So yeah, another reading project. My Luke Cage project is nearing it's end, so I figured I'd start another.

As of right now, I'm not sure how far I'm going to go with this particular project. I'll definitely be covering Tales of Suspense #59-99. I may also cover guest appearances in other books that aren't named Avengers.

With that said, let's get this show on the road.

Tales of Suspense #59 - "Captain America!"
Cover Date: November 1964
Writer: Stan Lee
Artist: Jack Kirby

Captain America is stationed at Avengers Mansion awaiting any crisis situations. Jarvis leaves him a pot of coffee. As he  has little to do, he looks through one of his old scrapbooks.

Meanwhile, some mobsters are planning on taking on the Avengers. Their leader has two of them stretch a chain. To prove a  point, the leader--a guy named Bull--shatters the chain using karate! He explains that a chain can be broken if you find the  weakest link, and that link is Captain America, since he doesn't have any super powers.

At this point, a couple of the mobsters haul in Jarvis to ask him who's minding the store. Jarvis tells them it's no secret  that Captain America is there and that they could have found the information by using the telephone. Bull tells his men to  get their hardware as they're going to attack Captain America. They release Jarvis.

Back at the Mansion, Cap is looking through his scrapbook when he sees a photo of his former partner, Bucky. He feels pangs  of guilt. Suddenly he's attacked by the mobsters. They fight. The mobsters are well prepared, even having a man in an  armored suit. They get off a lucky shot (just a graze) while Cap is waiting for his magnetically attracted shield to return.   While he's knocked unconscious, they tie him up while they look for the Avengers safe.

They locate the safe and produce a torch to cut through the door. Cap regains consciousness at this point, and using the  heels of his boots--which are razor sharp--he cuts through his ropes. His feet are still tied, but Cap begins to fight  through the mobsters anyway until a stray flame from the torch cuts the rope around his legs free. The armored thugs grabs  Cap and boasts that he won't be able to break his grip. Cap breaks his grip and knocks him out.

At this point, the rest of the gang attacks. Cap recovers his shield, and despite all of them attacking at once holds his  own. The armored thug gets back in the fight, but can't touch Cap. Cap induces him to charge into a fireplace, knocking him  out again. Another thug plans to launch a sleep gas capsule. Cap blocks the gun barrel with his shield and forces the gas to   backfire.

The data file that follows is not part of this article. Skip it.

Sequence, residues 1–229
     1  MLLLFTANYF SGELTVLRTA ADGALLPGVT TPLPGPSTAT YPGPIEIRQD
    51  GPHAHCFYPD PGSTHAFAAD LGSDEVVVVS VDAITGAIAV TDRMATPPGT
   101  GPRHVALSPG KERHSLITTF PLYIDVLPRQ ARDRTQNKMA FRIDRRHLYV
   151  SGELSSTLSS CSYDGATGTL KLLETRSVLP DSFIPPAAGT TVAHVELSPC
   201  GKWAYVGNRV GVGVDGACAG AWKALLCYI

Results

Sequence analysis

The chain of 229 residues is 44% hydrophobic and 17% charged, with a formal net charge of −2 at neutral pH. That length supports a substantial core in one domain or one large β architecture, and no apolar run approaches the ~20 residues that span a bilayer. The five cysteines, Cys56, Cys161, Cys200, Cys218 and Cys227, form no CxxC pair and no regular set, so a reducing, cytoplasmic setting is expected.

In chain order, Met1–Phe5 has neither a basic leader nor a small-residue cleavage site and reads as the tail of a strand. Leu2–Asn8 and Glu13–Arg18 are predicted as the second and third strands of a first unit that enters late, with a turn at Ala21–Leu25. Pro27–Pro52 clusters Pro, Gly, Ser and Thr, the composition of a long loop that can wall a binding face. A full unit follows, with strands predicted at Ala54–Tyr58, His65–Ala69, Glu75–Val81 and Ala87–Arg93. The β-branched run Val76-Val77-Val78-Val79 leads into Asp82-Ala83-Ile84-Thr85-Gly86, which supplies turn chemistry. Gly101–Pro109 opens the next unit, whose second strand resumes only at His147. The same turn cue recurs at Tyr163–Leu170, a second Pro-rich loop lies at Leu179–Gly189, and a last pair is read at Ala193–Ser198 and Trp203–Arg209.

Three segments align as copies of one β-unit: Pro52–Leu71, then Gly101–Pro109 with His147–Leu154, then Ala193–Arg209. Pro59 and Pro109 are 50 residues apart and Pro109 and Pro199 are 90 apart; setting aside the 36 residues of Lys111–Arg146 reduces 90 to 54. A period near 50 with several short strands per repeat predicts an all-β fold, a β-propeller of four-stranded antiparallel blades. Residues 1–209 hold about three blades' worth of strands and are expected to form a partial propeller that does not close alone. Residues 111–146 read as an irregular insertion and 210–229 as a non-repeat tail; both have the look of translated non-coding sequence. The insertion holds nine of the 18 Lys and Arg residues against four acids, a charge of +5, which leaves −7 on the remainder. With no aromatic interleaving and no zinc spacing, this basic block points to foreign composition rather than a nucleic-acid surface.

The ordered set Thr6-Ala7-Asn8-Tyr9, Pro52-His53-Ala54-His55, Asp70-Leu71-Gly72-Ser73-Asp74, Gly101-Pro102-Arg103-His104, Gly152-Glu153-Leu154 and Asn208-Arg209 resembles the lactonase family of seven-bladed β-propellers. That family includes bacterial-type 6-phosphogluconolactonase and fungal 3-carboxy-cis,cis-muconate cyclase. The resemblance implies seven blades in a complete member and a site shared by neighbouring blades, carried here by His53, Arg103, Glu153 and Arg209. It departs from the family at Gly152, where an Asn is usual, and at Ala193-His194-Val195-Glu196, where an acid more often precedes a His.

Bull sends in his karate! team. However they're outmatched by Captain America. At this point, Bull charges and head-butts  Cap in the mid-section. He gets in another blow before Cap fights back, dropping Bull like a side of beef. He thanks the  thugs for livening up his evening and calls the police to pick them up.

My rating: 7/10

This is a good, if simplistic, reintroduction of the classic character in his first new solo story. Captain America has no  powers, but he's more than a match for as many criminals one can bring to an ambush. It's fun seeing Kirby allowed to draw  Cap as dynamically as possible, and the pacing is crisp and sharp.

There are some inconsistencies that are endemic to superhero stories however: why release Jarvis? If the thugs were willing  to attack Cap with guns before, why tie him up instead of shooting him? Also, why doesn't Bull ever get a last name?

All things being said, though, this is a solid effort.

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The statement from the Nazi officer on the splash page that the V-2 rocket would level half of London is optimistic on his part. It wouldn't, unless the story established some super-explosive. V-2 rockets did land in London without taking out half of it. Also on the splash, why would they be carrying Cap and his shield, his only weapon, when it should have been separated from him?

You're expecting comic book Nazi villains to be behaving sensibly?

The only reason I can think of to put the shield in the rocket would be to let everyone know that Captain America died in the crash. Otherwise, it would have been much more sensible to send the shield to the Red Skull or something similar.

Of course, it would have been really sensible to shoot Captain America and Bucky before putting them in the rocket in the first place.

Richard Willis said:

Also on the splash, why would they be carrying Cap and his shield, his only weapon, when it should have been separated from him?

Hey, if comic book supervillains or even ordinary bad guys behaved sensibly, most superheroes would be dead within a few months, or even killed within the first day they put on their costumes and went out to fight crime.  As it is, in super-character worlds, most bad guys use blasters that stun but don't cause serious bodily injury to the heroes and the few baddies who use regular guns have spectacularly bad aim or are mentally warped into deciding to go with a spectacular "death trap" rather than a shot to the head, not counting the few superheroes who can take a shot to the head and smile, like, say, Miracle Man, who just happens to be one of the very few heroes you really don't want to piss off as he might think twice before smashing your head in but only to consider it might be more fun to take you flying up to the stratosphere, kiss you, and toss you back to Earth.